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New Comments on Human Genetic Modification by Noted Figures: James
Watson, Daniel Wikler, Gregory Stock

Genetic Crossroads
December 7th, 2000

o Nobel laureate James Watson, widely known for his co-discovery of
the structure of DNA, told a startled UC Berkeley audience in October
that skin color is biochemically linked to sexual activity, and thinness
to ambition.

According to a member of the audience, Watson "showed slides of women
in bikinis and contrasted them to veiled Muslim women, to suggest that
controlling exposure to sun may suppress sexual desire and vice versa."
Explaining that thin people are unhappy and therefore more ambitious,
he said, "Whenever you interview fat people, you feel bad, because you
know you're not going to hire them."

Watson's remarks were reported several weeks later on the front page of
the San Francisco Chronicle. According to the article, they were brought
"into the public spotlight" by graduate students in the molecular biology
department who had found Watson's talk "profoundly disturbing." Several
UC faculty members "branded his remarks as racist, sexist and unsupported
by any scientific data." UC Berkeley biologist Michael Botchan, who
presided over the session, said that Watson advanced his hypothesis with
"comments that were crude and sexist and potentially racist." Botchan
said he doesn't think Watson is racist or sexist, but merely insensitive.
(Tom Abate, "Nobel Winner's Theories Raise Uproar in Berkeley," 11/13/00.
Use the "search" function at <www.sfgate.com/chronicle>.)

o Daniel Wikler, Staff Ethicist for the World Health Organization and
professor of Medical Ethics at the University of Wisconsin, Madison,
said in October that the completion of the human genome project would
make it possible to promote some genetic qualities such as intelligence
and lower the incidence of others, and that the state of a nation's gene
pool should be subject to government policies. Wikler made these comments
at the Third Menzies Scholar Symposium in Australia. "The question of
whether there should be a state genetic policy. . .is not one that can be
answered. . .with a simple 'no'," he said. "It may be conceivably required
by justice itself." (From <http://www.theage.com.au>.)

Wikler is co-author of a new book, From Chance to Choice: Genetics &
Justice (Allen Buchanan, Dan W. Brock, Norman Daniels, & Daniel Wikler,
Cambridge University Press, 2000). The four bioethicists believe that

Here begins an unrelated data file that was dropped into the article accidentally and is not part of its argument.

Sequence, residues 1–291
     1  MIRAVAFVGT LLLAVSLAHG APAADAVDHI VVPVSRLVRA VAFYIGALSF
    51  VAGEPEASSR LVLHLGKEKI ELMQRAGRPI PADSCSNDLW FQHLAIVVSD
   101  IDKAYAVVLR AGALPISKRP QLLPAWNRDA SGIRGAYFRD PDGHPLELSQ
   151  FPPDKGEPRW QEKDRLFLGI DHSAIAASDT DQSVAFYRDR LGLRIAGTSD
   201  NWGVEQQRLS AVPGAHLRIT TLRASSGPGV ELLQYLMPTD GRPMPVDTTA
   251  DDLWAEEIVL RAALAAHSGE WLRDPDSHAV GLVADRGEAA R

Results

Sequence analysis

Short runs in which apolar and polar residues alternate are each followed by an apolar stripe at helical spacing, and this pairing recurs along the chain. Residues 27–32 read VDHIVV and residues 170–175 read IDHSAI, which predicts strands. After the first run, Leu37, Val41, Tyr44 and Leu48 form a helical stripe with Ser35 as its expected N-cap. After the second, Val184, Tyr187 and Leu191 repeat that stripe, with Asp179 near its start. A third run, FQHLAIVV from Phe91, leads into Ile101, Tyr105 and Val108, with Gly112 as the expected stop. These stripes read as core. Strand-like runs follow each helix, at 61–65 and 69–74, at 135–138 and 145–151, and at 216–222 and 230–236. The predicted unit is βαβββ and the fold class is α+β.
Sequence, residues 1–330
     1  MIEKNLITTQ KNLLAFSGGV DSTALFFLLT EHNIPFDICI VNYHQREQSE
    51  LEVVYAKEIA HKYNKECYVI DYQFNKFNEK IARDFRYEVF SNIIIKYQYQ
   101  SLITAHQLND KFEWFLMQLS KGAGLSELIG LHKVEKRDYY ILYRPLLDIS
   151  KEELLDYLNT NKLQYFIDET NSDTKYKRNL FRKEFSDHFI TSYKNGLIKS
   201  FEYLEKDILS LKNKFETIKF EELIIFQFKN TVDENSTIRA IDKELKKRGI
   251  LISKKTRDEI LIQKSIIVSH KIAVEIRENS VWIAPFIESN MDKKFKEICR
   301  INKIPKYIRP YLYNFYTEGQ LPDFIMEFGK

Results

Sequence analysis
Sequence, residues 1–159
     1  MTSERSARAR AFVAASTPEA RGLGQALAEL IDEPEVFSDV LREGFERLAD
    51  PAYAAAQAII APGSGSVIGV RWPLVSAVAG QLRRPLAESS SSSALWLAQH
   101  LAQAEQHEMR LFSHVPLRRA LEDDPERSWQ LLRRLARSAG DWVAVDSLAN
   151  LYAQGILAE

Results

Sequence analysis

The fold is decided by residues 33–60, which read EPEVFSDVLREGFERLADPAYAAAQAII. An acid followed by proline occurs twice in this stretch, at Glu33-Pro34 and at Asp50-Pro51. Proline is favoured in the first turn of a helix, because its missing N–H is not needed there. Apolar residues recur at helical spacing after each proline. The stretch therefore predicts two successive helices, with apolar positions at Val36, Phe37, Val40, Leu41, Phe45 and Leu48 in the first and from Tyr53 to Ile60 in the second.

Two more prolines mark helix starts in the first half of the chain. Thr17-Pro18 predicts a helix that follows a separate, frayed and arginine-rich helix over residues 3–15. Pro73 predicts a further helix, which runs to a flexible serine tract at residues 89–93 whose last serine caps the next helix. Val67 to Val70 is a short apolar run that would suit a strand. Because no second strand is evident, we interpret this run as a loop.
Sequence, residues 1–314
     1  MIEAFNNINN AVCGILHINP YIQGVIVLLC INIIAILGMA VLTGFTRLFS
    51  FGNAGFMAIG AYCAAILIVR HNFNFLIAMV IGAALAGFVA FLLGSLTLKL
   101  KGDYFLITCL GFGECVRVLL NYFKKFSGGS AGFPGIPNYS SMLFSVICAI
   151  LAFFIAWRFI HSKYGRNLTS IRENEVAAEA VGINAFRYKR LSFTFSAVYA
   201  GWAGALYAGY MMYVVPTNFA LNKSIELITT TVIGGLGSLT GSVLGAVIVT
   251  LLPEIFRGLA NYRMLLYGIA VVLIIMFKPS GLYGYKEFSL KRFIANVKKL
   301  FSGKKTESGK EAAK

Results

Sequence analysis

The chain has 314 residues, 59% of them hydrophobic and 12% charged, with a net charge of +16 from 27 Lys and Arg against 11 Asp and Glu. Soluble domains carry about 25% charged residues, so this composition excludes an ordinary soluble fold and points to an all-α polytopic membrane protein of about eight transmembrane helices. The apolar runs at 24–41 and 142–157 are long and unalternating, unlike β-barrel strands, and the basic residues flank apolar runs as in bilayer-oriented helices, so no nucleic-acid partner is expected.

engineering the human germline is both inevitable and at least in some
cases desirable. Unlike most other advocates, they argue for state
intervention in human genetic manipulation, rather than for a "free-
market" consumer eugenics. Their book is also remarkable for the way
its title appropriates the language of reproductive rights--blurring
the enormous difference between ending an unwanted pregnancy and
manipulating the genetic makeup of a future child. For a review of the
book that accepts its premise of the inevitability of human germline
engineering, see Martha C. Nussbaum, Brave Good World, The New Republic,
12/4/00 <www.thenewrepublic.com/120400/nussbaum120400_print.html>.

o The technology to modify the genes we pass on to our children will
be available within 10 to 20 years, according to Gregory Stock, a key
figure in the campaign to promote human germline engineering. Stock
was addressing the annual meeting of the American Society for Human
Reproduction in San Diego in October, reportedly the world's largest
ever gathering of fertility experts. His remarks included the assertion
that parents will "want to weed out children who would turn out to be
obese or mentally retarded" by using pre-implantation genetic screening.
"This is the beginning of the end of sex as the way we reproduce,"
Stock predicted. "We will still have sex for pleasure, of course, but
we will view our children as too damn important to leave it to a random
meeting of sperm and eggs." (Michael Hanlon, "Why You Won't Need to
Have Sex to Make a Baby, The Montreal Express, October 25, 2000,


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